Coast Mountains School District 82 (CMSD82) and Northern Health held a virtual town hall style question and answer session Monday, Nov. 10 to answer questions from parents and the community about COVID-19 protocols as infections skyrocket in B.C.
Superintendent Janet Meyer and Shar McCrory, board chair, facilitated the event and were joined by Northern Health keynote speakers Dr. Raina Fumerton, northwest medical health officer and Petrina Bryant, Healthy Schools and Youth regional nursing lead.
The school district shared how it and Northern Health will handle confirmed cases or school clusters of COVID-19. The virtual town hall took place amid a steep increase of COVID-19 cases across B.C., and a positive test in neighbouring School District 52 in Prince Rupert.
Before answering submitted questions, Northern Health officials provided viewers with a brief presentation about COVID-19. They highlighted the epidemiological curve of the Northern Health region, which shows more cases recently than at the start of the pandemic, which can partially be attributed to more testing.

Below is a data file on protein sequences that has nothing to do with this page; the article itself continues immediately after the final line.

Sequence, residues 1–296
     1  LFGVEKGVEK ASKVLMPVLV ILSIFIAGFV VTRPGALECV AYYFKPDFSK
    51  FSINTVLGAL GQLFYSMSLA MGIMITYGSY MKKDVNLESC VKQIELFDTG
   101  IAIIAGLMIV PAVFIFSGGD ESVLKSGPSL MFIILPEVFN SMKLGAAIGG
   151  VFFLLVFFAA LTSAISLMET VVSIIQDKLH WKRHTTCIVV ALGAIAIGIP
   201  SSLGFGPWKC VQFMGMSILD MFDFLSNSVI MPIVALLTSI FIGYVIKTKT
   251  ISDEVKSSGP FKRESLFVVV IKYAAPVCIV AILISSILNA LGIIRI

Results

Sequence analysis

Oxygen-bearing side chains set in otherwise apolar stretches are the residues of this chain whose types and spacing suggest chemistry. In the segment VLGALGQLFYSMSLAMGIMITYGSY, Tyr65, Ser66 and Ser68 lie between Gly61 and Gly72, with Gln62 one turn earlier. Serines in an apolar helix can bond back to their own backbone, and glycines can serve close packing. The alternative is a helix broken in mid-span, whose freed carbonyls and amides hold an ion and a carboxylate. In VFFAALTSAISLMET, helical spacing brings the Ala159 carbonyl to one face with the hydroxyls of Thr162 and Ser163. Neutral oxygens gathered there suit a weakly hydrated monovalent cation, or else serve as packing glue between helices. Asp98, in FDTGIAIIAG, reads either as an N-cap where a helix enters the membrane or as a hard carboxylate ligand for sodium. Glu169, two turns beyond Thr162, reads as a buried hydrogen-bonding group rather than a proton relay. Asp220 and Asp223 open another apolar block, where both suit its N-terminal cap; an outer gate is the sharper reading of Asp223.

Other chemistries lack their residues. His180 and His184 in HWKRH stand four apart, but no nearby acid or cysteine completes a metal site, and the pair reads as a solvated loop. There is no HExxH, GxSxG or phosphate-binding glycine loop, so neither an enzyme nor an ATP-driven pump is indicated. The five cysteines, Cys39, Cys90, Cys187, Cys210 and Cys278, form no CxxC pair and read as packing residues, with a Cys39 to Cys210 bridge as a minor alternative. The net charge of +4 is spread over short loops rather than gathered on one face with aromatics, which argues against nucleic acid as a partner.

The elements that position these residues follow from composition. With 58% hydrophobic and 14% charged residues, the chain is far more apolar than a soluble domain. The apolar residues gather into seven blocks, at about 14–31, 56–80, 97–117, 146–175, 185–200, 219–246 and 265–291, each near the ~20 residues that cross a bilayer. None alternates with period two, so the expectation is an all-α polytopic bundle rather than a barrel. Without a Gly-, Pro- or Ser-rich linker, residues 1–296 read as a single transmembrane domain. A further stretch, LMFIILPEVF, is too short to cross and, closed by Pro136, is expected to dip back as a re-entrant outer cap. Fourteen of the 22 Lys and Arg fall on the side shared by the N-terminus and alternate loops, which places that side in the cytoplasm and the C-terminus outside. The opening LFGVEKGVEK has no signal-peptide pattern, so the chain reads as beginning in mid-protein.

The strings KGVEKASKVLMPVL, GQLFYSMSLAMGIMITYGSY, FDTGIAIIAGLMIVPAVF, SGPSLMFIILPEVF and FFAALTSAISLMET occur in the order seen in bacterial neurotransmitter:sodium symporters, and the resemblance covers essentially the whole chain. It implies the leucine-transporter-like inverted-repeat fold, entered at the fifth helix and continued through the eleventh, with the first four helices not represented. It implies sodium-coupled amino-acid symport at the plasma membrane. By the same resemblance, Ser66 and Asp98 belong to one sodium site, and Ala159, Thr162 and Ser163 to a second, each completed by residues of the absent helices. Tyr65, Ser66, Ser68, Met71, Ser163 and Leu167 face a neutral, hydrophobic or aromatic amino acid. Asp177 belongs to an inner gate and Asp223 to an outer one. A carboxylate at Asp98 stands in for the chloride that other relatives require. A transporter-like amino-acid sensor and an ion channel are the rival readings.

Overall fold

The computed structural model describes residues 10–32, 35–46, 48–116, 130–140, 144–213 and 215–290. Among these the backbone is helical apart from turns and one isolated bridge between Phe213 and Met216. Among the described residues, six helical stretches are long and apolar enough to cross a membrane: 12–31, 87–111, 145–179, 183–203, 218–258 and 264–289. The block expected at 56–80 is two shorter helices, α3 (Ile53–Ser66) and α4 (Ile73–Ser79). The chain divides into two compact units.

“We have been doing a lot more testing, but at the same time that does not totally explain the rise in cases,” said Dr. Fumerton.
“We are entering the fall respiratory season and people moving indoors etcetera where we know the higher risk of transmission occurs, so hospitalizations have increased somewhat.”
In the north, the hospitalization rate has remained low compared to most of the province. Fumerton said that evidence from around the world shows that school settings are not very high risk for widespread transmission.
Petrina Bryant has worked as a contract tracer during the pandemic, and shared how that process takes place in schools. If a student or staff member has a confirmed COVID-19 case, Northern Health follows-up and the school is not notified if the individual was not infectious when they attended school. Most contacts at school do not meet the criteria to be close contacts which require prolonged time spent face to face without masks with an infected individual or direct contact with bodily fluids.